Adapted from The Vancouver Sun
Level 2 (See slide show at the end of the article.)
There is new footwear in the fashion world.
Many people are talking about them.
This footwear is called mukluks.
Mukluks are soft boots. Some are knee-high.
But mukluks are not really new.
History of mukluks
The word mukluks is from the Yupik language.
The Yupik live in parts of Alaska and eastern Russia.
These people are related to the Inuit.
“Kamiks” is the Inuit name for mukluks.
Kamik is the name of the bearded seal.
The people used Kamiks for food and clothing.
First Nations people wore mukluks for centuries.
Women made them from different animal skins.
Sometimes the boots had fur on the outside and inside.
The women often decorated the mukluks.
Mukluks were useful
Mukluks were light in weight.
But they were very warm in the cold winters.
Temperatures in the North could drop to – 50º C.
People in the North could walk silently
with mukluks while they were hunting.
The fashion world
In 1997, two Métis siblings, Sean and Heather McCormick,
started a boot company in Winnipeg, Manitobah Mukluks.
Several aboriginal artisans make the boots.
It takes almost three months to make a pair.
Métis women are famous for their beautiful bead work.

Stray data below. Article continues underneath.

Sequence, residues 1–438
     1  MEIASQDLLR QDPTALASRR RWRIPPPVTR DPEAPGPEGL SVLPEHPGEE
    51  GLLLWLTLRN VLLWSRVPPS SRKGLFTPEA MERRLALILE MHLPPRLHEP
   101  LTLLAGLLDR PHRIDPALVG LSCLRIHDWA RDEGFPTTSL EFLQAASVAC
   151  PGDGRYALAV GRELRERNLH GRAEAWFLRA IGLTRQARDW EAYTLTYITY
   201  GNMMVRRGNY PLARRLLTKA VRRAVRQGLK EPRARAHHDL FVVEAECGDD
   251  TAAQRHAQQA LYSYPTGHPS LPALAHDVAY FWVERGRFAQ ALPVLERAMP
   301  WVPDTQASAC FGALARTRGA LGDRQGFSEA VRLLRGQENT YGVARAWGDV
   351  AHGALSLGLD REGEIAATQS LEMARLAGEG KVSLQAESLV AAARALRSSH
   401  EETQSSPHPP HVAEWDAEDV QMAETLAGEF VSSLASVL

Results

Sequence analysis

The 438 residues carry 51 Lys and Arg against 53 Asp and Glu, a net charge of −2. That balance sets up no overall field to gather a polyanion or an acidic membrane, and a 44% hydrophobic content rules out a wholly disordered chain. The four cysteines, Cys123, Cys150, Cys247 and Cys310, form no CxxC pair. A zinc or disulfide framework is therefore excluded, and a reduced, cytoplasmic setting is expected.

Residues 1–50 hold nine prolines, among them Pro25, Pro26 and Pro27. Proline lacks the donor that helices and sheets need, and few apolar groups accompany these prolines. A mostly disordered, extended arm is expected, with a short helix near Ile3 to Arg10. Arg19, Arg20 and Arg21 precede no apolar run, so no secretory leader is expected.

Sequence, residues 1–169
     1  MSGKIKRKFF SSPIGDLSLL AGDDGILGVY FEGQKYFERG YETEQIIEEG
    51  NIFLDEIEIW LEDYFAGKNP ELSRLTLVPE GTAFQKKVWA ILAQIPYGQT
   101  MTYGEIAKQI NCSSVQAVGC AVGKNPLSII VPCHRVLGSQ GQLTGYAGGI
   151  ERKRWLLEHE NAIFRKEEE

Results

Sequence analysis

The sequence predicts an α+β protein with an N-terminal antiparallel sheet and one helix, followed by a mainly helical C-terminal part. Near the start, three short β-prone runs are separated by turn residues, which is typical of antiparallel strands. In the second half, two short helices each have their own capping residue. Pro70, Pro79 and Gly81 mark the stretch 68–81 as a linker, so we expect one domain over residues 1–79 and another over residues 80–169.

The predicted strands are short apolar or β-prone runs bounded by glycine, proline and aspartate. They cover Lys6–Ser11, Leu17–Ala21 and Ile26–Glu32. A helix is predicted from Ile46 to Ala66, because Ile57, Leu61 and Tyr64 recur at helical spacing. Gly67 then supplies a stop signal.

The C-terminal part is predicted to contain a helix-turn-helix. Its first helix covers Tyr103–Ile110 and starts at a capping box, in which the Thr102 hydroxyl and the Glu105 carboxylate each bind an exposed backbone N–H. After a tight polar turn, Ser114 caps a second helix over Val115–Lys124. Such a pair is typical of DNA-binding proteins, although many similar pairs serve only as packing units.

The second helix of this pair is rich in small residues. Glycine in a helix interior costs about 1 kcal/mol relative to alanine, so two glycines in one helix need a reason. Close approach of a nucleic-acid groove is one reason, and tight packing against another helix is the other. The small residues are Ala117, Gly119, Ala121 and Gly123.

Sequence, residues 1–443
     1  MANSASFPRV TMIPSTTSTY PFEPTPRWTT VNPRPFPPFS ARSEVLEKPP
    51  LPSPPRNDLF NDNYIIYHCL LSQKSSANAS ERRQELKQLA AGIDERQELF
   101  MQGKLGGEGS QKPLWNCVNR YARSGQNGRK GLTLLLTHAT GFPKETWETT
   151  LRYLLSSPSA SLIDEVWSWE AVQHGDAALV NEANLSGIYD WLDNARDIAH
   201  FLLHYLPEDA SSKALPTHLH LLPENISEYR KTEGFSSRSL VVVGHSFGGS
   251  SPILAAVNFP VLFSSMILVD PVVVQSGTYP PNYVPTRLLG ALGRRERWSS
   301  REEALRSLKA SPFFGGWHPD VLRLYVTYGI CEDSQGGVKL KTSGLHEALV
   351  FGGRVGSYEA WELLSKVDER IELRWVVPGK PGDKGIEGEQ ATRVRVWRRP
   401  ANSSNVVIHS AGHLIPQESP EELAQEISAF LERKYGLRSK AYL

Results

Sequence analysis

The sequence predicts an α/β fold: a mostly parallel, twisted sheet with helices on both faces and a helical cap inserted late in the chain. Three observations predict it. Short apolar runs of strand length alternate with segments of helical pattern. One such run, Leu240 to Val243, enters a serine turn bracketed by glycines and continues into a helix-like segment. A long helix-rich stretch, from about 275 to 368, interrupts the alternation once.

These women sometimes decorate the boots with beads.
The designs on the mukluks are thousands of years old.
The boots are made of moose, deer or beaver skins.
The soles of the boots are modern, flexible rubber.
Fashion can be expensive
The artists make mukluks in the old way,
then get 50% of each pair of boots sold.
The boots sell for $1,200 or more.
Modern parkas are also popular clothing now.
A parka is a warm coat with a hood.
The hood on modern parkas has faux fur.
Parkas were traditional clothing
worn by the First Nations people.
The traditional fur trim was
from wolves, rabbits or other animals.
Parka is an Aleut word. The Aleut people
lived on the Aleutian Islands of Alaska and parts of Russia.
English is a living language which borrows from other languages.
People learn new words for new things.
They learn new words for new foods.
Sometimes they spell them or say them differently.
Words we borrow
Food words like pizza, taco, tofu, sushi,
chapati, samosa, biscuit, noodle, yogurt and quiche
all come from other languages.
Other borrowed words are igloo,
toboggan, futon, ski, smorgasbord and boss.
How many do you know?
Find out if you are right!
Go to the PDF version of the story.